SheArs Keep a pair of sharp shears just for cutting out your fabric.

FabRic CliPs Use these instead of pins when sewing thicker fabrics.

MarKing PenCil Choose a colour that shows up on your fabric.

SmaLl SciSsors Use for snipping threads and cutting notches.

TaiLoR’s ChaLks Chalk temporarily marks fabric and can be easily brushed away.

ThiMble Wear to protect your fingers when handstitching.

Seam RipPer This sharp blade cuts through and unpicks stitches. WWW.SIMPLYSEWINGMAG.COM 93


FRESH IDEAS WITH FABRIC

The guide HOW TO MEASURE YOURSELF ACCURATELY ALWAYS MEASURE YOURSELF BEFORE you choose a pattern size to cut out. The sizes do vary greatly from pattern to pattern, so it’s always best to measure yourself accurately and then refer to the pattern’s size chart to find your size. The chart will usually be printed on the pattern envelope or on the instructions inside. Measure yourself in your underwear and preferably in the bra you’ll be wearing underneath

your garment as this can alter the measurements slightly. Use a fabric tape measure as it’ll curve around your body well for accuracy. You can measure on your own if you stand in front of a mirror, but, for best results, ask a friend to help so they can check the tape measure is sitting in the right places. Make sure the tape measure sits snugly around you but is not pulled tight. Take the measurements shown in the diagram and note them down.

HeiGhT Back WaiSt LenGth From the top of your spine at the base of your neck to your natural waist

Stand against a wall, barefoot, then measure from the top of your head to the floor

High Bust/CheSt Bust Around the fullest part of your bust

Across the back, under your arms and above the bust

WaiSt Your natural waistline, around the slimmest part of your waist

HOW TO USE A PATTERN Preparing your fabric and cutting out your sewing pattern accurately is just as important as the actual sewing. Wash your fabric before you begin as fabric can shrink and run. Once dry, press it well. PREPARING THE PATTERN Patterns often come with several options of different finishes so you may have more pieces than you need. The instruction sheet will tell you which pieces to use. Roughly cut out all of the pieces outside the lines then press the pieces using a dry iron on a low heat to remove the folds and creases. CUTTING OUT THE PATTERN Choose your size using your measurements and the size chart. Cut along the corresponding lines on your pattern. When you reach any fiddly curves, take care to cut along the correct size lines. CUTTING LAYOUTS Choose the correct one for the width of fabric you’re using, the 94 WWW.SIMPLYSEWINGMAG.COM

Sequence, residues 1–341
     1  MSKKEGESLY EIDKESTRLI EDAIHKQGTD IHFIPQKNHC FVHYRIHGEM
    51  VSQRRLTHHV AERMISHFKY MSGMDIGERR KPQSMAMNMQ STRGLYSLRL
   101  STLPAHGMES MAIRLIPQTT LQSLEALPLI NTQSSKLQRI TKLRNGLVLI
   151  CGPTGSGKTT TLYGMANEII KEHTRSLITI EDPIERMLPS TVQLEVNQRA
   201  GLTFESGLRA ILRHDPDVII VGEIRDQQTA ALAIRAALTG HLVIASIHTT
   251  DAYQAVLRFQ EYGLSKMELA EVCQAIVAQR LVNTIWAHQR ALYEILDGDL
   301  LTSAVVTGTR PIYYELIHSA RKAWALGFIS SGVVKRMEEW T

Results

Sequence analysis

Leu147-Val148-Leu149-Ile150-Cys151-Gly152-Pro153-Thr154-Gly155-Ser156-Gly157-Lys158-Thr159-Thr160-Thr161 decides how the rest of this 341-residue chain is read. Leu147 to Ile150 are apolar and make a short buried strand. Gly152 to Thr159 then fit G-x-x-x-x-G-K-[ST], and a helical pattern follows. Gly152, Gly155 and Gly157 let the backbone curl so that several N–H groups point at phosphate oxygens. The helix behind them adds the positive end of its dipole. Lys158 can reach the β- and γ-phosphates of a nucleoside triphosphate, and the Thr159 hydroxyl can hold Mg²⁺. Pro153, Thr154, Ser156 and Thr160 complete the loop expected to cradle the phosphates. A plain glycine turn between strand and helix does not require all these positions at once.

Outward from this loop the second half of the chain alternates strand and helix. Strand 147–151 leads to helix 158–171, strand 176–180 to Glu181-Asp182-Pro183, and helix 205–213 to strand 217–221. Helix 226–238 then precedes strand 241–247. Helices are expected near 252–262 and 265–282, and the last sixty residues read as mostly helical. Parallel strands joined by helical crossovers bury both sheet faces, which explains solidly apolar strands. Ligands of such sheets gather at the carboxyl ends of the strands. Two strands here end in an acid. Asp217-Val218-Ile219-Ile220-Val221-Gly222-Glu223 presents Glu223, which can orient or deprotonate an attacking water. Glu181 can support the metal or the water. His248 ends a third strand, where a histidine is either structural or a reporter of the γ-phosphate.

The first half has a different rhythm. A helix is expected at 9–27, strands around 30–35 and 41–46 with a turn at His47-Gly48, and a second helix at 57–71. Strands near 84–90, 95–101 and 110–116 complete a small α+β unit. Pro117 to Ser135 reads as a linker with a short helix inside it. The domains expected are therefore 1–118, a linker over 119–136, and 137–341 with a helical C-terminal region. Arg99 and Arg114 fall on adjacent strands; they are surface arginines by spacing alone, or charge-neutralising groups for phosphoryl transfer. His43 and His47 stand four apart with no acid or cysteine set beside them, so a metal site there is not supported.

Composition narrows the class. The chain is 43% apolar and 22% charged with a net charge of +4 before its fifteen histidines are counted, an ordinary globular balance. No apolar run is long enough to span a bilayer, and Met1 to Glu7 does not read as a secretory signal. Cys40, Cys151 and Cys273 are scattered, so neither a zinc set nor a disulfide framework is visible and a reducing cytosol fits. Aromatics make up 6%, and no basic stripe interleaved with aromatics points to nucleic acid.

size you’re cutting and the style of garment. Many patterns have more than one option (or view) and each one can have a different layout. CUTTING OUT Lay your fabric flat and smooth it out. Fold or place the fabric as shown on the cutting layout. Lay the pattern pieces in the order and right side or wrong side up as shown. Check to make sure that the grainlines on the pattern are parallel with the selvedges by measuring. Pin your pattern pieces carefully in place and cut around them through the fabric using a pair of dressmaker’s shears. TRANSFERRING MARKINGS The markings on the pattern pieces need to be transferred to the fabric. They’re really important for matching up fabric pieces later and for positioning elements such as darts and pockets. You can mark these with chalk, fabric markers, snips on the fabric, or with small tacking stitches.

Hips Around the fullest and widest part of your thighs and bottom

PATTERN MARKINGS Pleats: These lines are matched Arrows: Grainline arrows are used up to create pleats on the cut to show which direction to pin the out fabric pieces. pattern on the fabric. The grainline runs parallel to the fabric edge.

Darts: These lines are for matching up to create darts within the fabric pieces.

Notches: Shown as triangles or small lines, these are marked on the edges and are mainly used for matching up pattern pieces.


CHOOSING AND BUYING FABRICS IT’S IMPORTANT TO CHOOSE the correct fabric for your pattern. Most patterns give suggested fabric types that will work best with the style of garment. Use this to guide you as some patterns need more drape, body or structure than others. Fabric can be made from natural fibres such as cotton, linen, wool and silk or synthetic fibres such as acetate, acrylic, nylon, polyester, rayon and viscose. All these fabric come in different weights, or thicknesses, which suit different garments. Lightweight fabrics are ideal for lingerie, nightwear and summer clothing, and include cheesecloth, chiffon, crepe-de-chine, georgette, lawn, muslin, organdie, organza and voile. Medium-weight fabrics, which work for dresses, shirts, trousers and childrenswear, include calico, cotton, crepe, dupion, linen, poplin and finer wool. Heavy-weight fabrics are used for garments or projects needing more strength, like coats, jackets, winter wear and bags. Canvas, corduroy, denim, tweeds, velvet and wool are all in this category. Some patterns require fabrics that are quite fluid and have a good drape to make them hang properly, such as a circle skirt or blouse. Synthetic or synthetic mix fabrics such as rayon, challis, chiffon or lightweight jersey have a better drape to them. Stretch and knit fabrics such as jersey and lycra are virtually crease free and comfortable to wear. They